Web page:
United States District Court, D. Delaware
Matthew Jones, Greenwood, Delaware. Pro Se Plaintiff.
Clement Handlon, Deputy Attorney General, Delaware Department
of Justice, Wilmington, Delaware. Counsel for Defendant.
Matthew Jones, who appears pro se and has been
granted leave to proceed in forma pauperis filed
this action in December 2016 in the United States District
Court for the Eastern District of Pennsylvania against the
Justice of the Peace Court No. 3, Georgetown, Delaware. The
matter was transferred to this Court on December 21, 2016.
(D.I. 2). Jones asserts jurisdiction by reason of a federal
question and alleges that his claims arise under the
Constitution, laws or treaties of the United States.
Defendant moved to dismiss pursuant to Fed.R.Civ.P. 12(b)(1)
and 12(b)(6) prior to review and screening of the Complaint
pursuant to 28 U.S.C. § 1915(e)(2)(B). (D.I. 9).
Plaintiff opposes the motion to dismiss. (D.I. 10). The Court
proceeds to screen the Complaint pursuant to 28 U.S.C. §
alleges that from December 31, 2014 to the present, long
standing enslavement, sexual slavery, forced labor, identity
theft, larceny, forgery, assault, attempted murder, rape,
pedophilia, and other felonious acts were committed. (D.I. 3
at p.2). Jones alleges the acts occurred as a result of his
mother's call to 911, the Delaware State Police arriving
at their home, and his arrest for felony assault.
(Id.). Plaintiff was held without bail. The case was
ultimately dismissed. (Id. at p.4). The Complaint
refers to a number of other traffic incidents that occurred
between 2002 and 2006.
alleges numerous violations of federal criminal law, Delaware
State law, and amendments of the United States Constitution.
(Id. at pp.5-10). He seeks two billion dollars in
federal court may properly dismiss an action sua
sponte under the screening provisions of 28 U.S.C.
§ 1915(e)(2)(B) if "the action is frivolous or
malicious, fails to state a claim upon which relief may be
granted, or seeks monetary relief from a defendant who is
immune from such relief." Ball v. Famiglio, 726
F.3d 448, 452 (3d Cir. 2013); see also 28 U.S.C.
§ 1915(e)(2) (in forma pauperis actions). The
Court must accept all factual allegations in a complaint as
true and take them in the light most favorable to a pro
se plaintiff. Phillips v. County of Allegheny,
515 F.3d 224, 229 (3d Cir. 2008); Erickson v.
Pardus, 551 U.S. 89, 93 (2007). Because Plaintiff
proceeds pro se, his pleading is liberally construed
and his complaint, "however inartfully pleaded, must be
held to less stringent standards than formal pleadings
drafted by lawyers." Erickson v. Pardus, 551
U.S. at 94 (citations omitted).
action is frivolous if it "lacks an arguable basis
either in law or in fact." Neitzke v. Williams,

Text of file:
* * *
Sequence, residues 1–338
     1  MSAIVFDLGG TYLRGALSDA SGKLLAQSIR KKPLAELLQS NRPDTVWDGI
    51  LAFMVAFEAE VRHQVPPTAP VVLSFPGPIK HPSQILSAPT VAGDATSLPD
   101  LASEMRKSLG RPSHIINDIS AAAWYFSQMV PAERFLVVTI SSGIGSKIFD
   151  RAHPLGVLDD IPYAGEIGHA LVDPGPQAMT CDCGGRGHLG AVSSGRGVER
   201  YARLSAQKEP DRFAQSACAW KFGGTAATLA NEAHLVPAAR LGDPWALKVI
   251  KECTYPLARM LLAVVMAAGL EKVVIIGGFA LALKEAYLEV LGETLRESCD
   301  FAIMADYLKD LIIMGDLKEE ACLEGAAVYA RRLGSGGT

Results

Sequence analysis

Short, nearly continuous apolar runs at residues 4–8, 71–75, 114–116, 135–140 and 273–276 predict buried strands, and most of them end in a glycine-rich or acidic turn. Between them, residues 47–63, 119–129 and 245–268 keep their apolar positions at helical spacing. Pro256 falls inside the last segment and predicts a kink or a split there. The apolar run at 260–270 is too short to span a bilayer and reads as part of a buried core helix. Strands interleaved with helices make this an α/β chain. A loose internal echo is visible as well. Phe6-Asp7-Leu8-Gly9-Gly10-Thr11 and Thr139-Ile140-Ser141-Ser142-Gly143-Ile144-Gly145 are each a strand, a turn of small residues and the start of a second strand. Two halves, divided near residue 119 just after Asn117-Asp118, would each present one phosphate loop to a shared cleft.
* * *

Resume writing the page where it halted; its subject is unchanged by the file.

490 U.S. 319, 325 (1989). Under 28 U.S.C. §
1915(e)(2)(B)(i), a court may dismiss a complaint as
frivolous if it is "based on an indisputably meritless
legal theory" or a "clearly baseless" or
"fantastic or delusional" factual scenario.
Neitzke, 490 U.S. at 327-28; Wilson v.
Rackmill, 878 F.2d 772, 774 (3d Cir. 1989).
legal standard for dismissing a complaint for failure to
state a claim pursuant to § 1915(e)(2)(B)(ii) is
identical to the legal standard used when ruling on Rule
12(b)(6) motions. Tourscher v. McCullough, 184 F.3d
236, 240 (3d Cir. 1999). However, before dismissing a
complaint or claims for failure to state a claim upon which
relief may be granted pursuant to the screening provisions of
28 U.S.C. § 1915, the Court must grant Plaintiff leave
to amend his complaint unless amendment would be inequitable
or futile. See Grayson v. Mayview State Hosp., 293
F.3d 103, 114 (3d Cir. 2002).
well-pleaded complaint must contain more than mere labels and
conclusions. SeeAshcroft v. Iqbal, 556 U.S. 662
(2009); Bell Atl. Corp. v. Twombly, 550 U.S. 544
(2007). A plaintiff must plead facts sufficient to show that
a claim has substantive plausibility. See Johnson v. City
of Shelby, ___ U.S. ___, 135 S.Ct. 346, 347 (2014). A
complaint may not dismissed, however, for imperfect
statements of the legal theory supporting the claim asserted.
See Id. at 346.
reviewing the sufficiency of a complaint must take three
steps: (1) take note of the elements the plaintiff must plead
to state a claim; (2) identify allegations that, because they
are no more than conclusions, are not entitled to the
assumption of truth; and (3) when there are well-pleaded
factual allegations, assume their veracity and then determine
whether they plausibly give rise to an entitlement to relief.
Connelly v. Lane Const. Corp., 809 F.3d 780, 787 (3d
Cir. 2016) (internal citations and quotations omitted).
Elements are sufficiently alleged when the facts in the
complaint "show" that the plaintiff is entitled to
relief. Iqbal, 556 U.S. at 679 (quoting Fed.R.Civ.P.
8(a)(2)). Deciding whether a claim is plausible will be a
"context-specific task that requires the reviewing court
to draw on its judicial experience and common sense."
sole defendant is the Justice of the Peace Court No. 3. The
Eleventh Amendment protects states and their agencies and
departments from suit in federal court regardless of the kind
of relief sought. Pennhurst State School & Hosp. v.
Halderman,465 U.S. 89, 100 (1984). "Absent a
state's consent, the Eleventh Amendment bars a civil
rights suit in federal court that names the state as a
defendant." Laskaris v. Thomburgh,661 F.2d 23,
25 (3d Cir. 1981) (citing Alabama v. Pugh, 438 U.S.
781 (1978)). Delaware has not waived its immunity from suit
in federal court; although Congress can abrogate a